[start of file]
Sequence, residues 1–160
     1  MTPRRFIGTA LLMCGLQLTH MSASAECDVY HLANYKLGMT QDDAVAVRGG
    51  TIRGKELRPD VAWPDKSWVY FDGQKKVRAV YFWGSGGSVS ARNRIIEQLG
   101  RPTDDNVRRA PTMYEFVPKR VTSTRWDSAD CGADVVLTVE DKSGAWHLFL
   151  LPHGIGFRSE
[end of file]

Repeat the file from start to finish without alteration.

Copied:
Sequence, residues 1–160
     1  MTPRRFIGTA LLMCGLQLTH MSASAECDVY HLANYKLGMT QDDAVAVRGG
    51  TIRGKELRPD VAWPDKSWVY FDGQKKVRAV YFWGSGGSVS ARNRIIEQLG
   101  RPTDDNVRRA PTMYEFVPKR VTSTRWDSAD CGADVVLTVE DKSGAWHLFL
   151  LPHGIGFRSE